Gun amnesty for Hobbema in wake of shootings
Response to wounding of 2-year-old Asia Saddleback
A gun amnesty will take effect in Hobbema next month in an effort to rid the First Nations reserve of illegal firearms and the violent crime that culminated in April with the drive-by shooting of a toddler, the Alberta government and RCMP announced Wednesday.
Hobbema residents can hand over their illegal or unwanted firearms and ammunition to the Mounties from Aug. 1 to Nov. 30 without facing charges for possessing unregistered and unlicensed weapons.
The government and RCMP are working with Hobbema band officials to conduct the four-month gun amnesty.
"This amnesty is a great example of a community taking responsibility and taking action," Justice Minister Alison Redford said Wednesday in a news release.
"Community leaders recognize there is a gun problem in Hobbema, and they have decided to do something about it. By working alongside government and the RCMP, they are demonstrating that the safety of their residents is their top priority."
The amnesty comes in response to the shooting three months ago of two-year-old Asia Saddleback. A bullet fired through her grandfather’s home on the Samson Cree First Nation struck her as she was eating Sunday dinner on April 13.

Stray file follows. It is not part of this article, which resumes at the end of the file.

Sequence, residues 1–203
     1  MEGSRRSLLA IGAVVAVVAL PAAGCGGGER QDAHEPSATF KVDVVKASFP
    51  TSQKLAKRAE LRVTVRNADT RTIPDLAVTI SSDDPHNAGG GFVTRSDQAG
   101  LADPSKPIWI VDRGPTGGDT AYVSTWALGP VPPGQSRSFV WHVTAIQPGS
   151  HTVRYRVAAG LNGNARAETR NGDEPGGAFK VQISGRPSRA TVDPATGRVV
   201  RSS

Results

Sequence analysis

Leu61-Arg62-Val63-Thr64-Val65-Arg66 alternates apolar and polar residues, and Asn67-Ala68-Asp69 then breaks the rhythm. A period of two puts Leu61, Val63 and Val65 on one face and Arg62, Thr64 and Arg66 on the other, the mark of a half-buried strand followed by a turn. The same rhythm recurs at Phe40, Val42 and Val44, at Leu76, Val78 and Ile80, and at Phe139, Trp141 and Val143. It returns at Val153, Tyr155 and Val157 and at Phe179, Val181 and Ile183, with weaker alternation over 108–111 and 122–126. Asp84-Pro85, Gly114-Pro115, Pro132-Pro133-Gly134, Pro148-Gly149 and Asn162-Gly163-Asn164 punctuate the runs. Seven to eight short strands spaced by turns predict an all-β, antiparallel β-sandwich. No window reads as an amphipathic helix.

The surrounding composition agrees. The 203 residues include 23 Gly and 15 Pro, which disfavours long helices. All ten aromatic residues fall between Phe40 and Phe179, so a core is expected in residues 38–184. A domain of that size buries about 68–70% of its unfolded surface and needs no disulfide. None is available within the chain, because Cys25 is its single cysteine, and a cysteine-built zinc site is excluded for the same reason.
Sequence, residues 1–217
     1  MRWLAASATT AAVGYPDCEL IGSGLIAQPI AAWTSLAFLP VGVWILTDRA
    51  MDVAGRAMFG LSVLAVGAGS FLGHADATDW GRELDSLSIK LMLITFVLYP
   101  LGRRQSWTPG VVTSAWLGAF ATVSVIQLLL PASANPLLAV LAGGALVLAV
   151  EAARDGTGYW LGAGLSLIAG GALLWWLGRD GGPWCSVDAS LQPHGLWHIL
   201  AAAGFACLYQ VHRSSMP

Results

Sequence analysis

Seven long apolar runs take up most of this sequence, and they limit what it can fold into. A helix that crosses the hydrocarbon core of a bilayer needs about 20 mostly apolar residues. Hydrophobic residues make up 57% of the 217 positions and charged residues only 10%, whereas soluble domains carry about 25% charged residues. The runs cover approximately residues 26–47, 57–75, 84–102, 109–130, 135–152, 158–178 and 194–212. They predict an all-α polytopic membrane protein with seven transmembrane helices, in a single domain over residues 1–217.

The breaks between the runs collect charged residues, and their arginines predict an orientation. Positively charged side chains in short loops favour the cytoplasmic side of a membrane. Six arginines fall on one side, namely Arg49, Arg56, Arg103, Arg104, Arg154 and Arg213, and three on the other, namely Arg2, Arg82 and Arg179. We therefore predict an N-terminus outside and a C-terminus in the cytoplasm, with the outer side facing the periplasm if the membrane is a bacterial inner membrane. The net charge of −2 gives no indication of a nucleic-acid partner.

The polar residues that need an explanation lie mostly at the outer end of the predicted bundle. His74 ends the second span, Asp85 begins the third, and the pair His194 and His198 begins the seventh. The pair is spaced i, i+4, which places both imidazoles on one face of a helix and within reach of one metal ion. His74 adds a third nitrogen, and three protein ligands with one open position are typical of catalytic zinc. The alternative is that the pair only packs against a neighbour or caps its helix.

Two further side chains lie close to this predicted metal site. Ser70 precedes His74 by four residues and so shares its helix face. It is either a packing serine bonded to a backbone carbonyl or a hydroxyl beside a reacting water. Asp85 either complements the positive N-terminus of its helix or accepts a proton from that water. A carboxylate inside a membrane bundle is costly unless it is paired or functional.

Her mother Candace Saddleback has said she's too scared to go back to her home on the reserve.
Police have been stepping up patrols on all four reserves in Hobbema, following the shooting of the little girl, who has since been released from hospital.
All weapons covered by amnesty
The gun amnesty announced Wednesday is for all firearms, including shotguns and handguns, as well as ammunition.
Hobbema residents are also encouraged to turn over unwanted replica or imitation firearms or pellet guns, as these could be used to commit a crime. Other weapons, such as knives, will also be accepted.
"This amnesty will prevent unwanted guns from falling into the wrong hands or seriously injuring or killing someone if accidentally discharged," Fred Lindsay, solicitor general and minister of public security, said in a news release.
"Giving people the chance to dispose of their firearms in a safe and convenient manner is a practical, effective way to help ensure the safety of this community and its residents."
Carolyn Buffalo, a councillor with the Montana band, said her community supports the amnesty.
"Our RCMP detachment is the busiest in Alberta, and one of the busiest in the whole country," she said.
"Do we have issues? Absolutely. Do we have criminal gang activity? Absolutely. It’s there and because of that we’re doing everything we can, and we think this gun amnesty is one way to make our community safer."
Buffalo said there have been big improvements in Hobbema since the shooting of Asia Saddleback. Community members have been tearing down burned out buildings and removing graffiti.
A curfew has also put an end to much of the violence overnight, she said.
Anyone who wants to dispose of their firearms should contact the Hobbema RCMP at 780-585-3893 to make arrangements.
Officers will go to residences to pick up firearms and ammunition, but residents should not take these items to the RCMP detachment unless instructed to do so.
The Mounties will test all firearms, and if any of the guns were stolen or used in a crime, charges may be laid. Most guns turned over will be destroyed. The RCMP and band representatives will deal appropriately with any firearms which have historical significance.